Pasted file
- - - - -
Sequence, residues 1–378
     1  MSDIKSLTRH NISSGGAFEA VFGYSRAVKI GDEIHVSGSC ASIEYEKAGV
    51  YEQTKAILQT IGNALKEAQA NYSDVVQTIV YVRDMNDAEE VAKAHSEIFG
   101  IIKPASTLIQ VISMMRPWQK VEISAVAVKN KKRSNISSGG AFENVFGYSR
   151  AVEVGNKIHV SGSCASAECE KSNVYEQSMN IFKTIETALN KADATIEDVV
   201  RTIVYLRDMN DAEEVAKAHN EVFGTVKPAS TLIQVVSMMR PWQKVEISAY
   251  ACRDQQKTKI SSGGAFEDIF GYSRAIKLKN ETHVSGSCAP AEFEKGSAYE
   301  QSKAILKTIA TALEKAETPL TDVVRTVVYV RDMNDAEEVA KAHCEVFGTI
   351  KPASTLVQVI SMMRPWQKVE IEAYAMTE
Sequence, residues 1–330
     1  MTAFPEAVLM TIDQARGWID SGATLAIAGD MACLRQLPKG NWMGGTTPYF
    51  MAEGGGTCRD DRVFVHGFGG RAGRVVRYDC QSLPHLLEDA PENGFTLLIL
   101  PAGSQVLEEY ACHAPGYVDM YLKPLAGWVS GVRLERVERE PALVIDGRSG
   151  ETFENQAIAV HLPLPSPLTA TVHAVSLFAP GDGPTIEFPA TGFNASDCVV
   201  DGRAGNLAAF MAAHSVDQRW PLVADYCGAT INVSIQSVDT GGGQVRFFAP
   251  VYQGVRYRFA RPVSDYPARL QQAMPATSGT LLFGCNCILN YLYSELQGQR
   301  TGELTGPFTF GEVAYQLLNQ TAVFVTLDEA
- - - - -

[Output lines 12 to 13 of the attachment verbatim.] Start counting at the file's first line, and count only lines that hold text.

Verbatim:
    51  MAEGGGTCRD DRVFVHGFGG RAGRVVRYDC QSLPHLLEDA PENGFTLLIL
   101  PAGSQVLEEY ACHAPGYVDM YLKPLAGWVS GVRLERVERE PALVIDGRSG